Perspective | Deplorable Actors Beware: Disgrace Insurance Has Hit the Market

By: | October 31, 2019

Roger Crombie is a United Kingdom-based columnist for Risk & Insurance®. He can be reached at [email protected]

At last! When I read that a company was offering “disgrace insurance,” I was thrilled. I’ve always been a disgrace: Perhaps, finally, it would pay off.

No such luck. Disgrace insurance, a #MeToo-era policy offered by insurer SpottedRisk and “backed by industry-leading Lloyd’s of London syndicates,” is for companies that employ celebrities. If the star of a movie or advertising campaign is revealed to be a beast, a discovery that financially inconveniences an insured project, the policy pays out.

Since being too vile for words became unacceptable — it only took six thousand years — we have been subjected to endless unpleasant stories about unpleasant people in the public eye.

SpottedRisk calculates its premiums based on forecasting the names of monsters as yet unreported. It’s the future arriving now, as foretold by Philip K. Dick in his short story “The Minority Report.”

Dick’s tale and the Spielberg movie based on it are set in 2054. PreCrime, a specialized police department, apprehends criminals based on the predictions of three psychics. It’s a case of “think about the crime, do the time.”

SpottedRisk has assembled researchers in India to comb the internet for doubtful tweets, racial slurs, sexts or other ill-advised social media postings by some 27,000 public figures. Examples are sent to “data specialists” in Boston, who formulate a “risk score” for each celebrity, to assess how close they are to being disgraced (but not necessarily indicted).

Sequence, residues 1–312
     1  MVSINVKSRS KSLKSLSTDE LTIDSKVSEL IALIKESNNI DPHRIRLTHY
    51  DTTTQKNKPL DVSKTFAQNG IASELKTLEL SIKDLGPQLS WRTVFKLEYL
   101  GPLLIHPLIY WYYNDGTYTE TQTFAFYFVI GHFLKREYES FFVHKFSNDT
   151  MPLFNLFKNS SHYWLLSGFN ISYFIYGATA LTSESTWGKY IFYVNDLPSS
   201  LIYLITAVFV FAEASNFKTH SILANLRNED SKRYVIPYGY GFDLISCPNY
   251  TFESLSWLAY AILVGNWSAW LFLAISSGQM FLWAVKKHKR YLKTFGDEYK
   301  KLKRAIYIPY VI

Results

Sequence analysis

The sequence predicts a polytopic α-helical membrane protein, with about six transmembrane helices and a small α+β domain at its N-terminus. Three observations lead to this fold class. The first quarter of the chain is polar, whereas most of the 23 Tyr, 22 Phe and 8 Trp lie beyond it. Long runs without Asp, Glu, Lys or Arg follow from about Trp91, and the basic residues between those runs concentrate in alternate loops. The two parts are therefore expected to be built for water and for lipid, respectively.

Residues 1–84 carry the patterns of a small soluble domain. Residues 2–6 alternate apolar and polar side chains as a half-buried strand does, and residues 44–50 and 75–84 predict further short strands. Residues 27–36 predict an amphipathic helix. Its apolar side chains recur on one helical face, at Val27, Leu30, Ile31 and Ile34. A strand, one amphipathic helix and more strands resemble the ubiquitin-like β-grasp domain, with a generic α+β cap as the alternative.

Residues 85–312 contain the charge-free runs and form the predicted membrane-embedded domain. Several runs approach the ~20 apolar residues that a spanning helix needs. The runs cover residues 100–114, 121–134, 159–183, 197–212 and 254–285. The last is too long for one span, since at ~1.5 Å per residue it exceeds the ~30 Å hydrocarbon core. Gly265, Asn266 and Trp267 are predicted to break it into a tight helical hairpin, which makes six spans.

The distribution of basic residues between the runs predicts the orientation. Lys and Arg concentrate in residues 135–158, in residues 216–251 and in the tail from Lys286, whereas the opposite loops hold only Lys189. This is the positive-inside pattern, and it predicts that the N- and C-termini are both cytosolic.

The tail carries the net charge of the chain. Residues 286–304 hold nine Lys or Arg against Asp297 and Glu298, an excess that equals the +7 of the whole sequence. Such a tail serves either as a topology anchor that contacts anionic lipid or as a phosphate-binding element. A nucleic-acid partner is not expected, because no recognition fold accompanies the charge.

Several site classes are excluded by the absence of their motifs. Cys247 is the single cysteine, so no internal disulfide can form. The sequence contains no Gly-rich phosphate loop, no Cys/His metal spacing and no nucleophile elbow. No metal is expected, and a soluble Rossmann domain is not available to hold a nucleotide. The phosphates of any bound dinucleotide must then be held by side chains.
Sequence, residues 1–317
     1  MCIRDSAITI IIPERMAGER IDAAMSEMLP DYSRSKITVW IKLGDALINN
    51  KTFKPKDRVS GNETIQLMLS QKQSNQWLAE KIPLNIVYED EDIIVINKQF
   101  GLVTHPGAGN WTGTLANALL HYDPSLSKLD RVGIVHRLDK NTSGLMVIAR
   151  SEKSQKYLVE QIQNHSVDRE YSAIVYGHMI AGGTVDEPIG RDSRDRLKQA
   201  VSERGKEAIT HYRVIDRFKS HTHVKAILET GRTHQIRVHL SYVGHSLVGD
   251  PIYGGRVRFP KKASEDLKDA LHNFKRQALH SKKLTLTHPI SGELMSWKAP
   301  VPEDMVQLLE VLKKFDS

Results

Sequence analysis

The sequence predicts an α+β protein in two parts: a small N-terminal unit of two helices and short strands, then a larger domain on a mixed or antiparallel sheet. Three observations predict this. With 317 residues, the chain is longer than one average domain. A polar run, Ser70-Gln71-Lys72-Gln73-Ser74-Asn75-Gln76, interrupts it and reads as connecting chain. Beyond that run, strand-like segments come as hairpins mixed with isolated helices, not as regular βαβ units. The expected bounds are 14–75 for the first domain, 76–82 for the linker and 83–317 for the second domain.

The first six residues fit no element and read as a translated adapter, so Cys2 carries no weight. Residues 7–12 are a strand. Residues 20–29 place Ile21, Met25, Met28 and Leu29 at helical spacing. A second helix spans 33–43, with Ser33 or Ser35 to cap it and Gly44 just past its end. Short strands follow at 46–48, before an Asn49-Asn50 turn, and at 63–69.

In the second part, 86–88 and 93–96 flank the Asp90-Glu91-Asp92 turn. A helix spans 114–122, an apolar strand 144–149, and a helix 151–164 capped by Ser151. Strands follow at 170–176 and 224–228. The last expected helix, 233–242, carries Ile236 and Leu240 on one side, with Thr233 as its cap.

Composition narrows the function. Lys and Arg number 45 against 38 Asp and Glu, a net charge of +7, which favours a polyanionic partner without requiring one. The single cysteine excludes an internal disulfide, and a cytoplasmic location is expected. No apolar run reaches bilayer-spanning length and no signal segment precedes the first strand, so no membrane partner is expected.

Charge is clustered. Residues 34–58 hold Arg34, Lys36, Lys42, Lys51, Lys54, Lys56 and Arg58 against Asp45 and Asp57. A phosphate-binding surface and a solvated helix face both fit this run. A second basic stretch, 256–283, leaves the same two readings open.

SpottedRisk uses a “Public Outcry Index” it has developed, presumably based on opinions expressed on the bottom half of the internet.

Examples of uninsured disgrace abound as we smash the patriarchy. Kevin Spacey: SpottedRisk says it would have paid 80% of the $10 million spent by director Ridley Scott reshooting the scenes featuring Spacey in the movie All the Money in the World. For Bill Cosby and Harvey Weinstein, the poster boys for unacceptable behavior: $10 million apiece.

Seeking publicity for its new product, SpottedRisk said it would insure anyone except musician R. Kelly, who stands accused of numerous sex crimes, and U.S. President Donald Trump, who “would probably trigger a claim every week,” according to SpottedRisk’s behavioral scientist Pete Dearborn.

Let’s start with the positives. On social media, an accusation now equates to guilt. Losses occasioned by the revelation, or even suggestion, of celebrity repulsiveness can be significant. Insuring against the collapse of an expensive project for any reason is only sensible.

Of course, not hiring swine whose past behavior might wreck a project in the first place would make more sense. Surely it would be cheaper for producers to self-insure, as it were, by carrying out due diligence on potential bad apples.

For example, I could be a risk for those for whom I write. That I’m not on social media and am not a bestial type might help, even if I have disgusting thoughts, which I do. Oh yes. But I keep them to myself and would never act on them. Oh, and I have editors who remove the odd outrage from my copy.

So what’s needed here is more editors. There: I have just offended every other writer in the world. I hope Risk & Insurance® is insured. &

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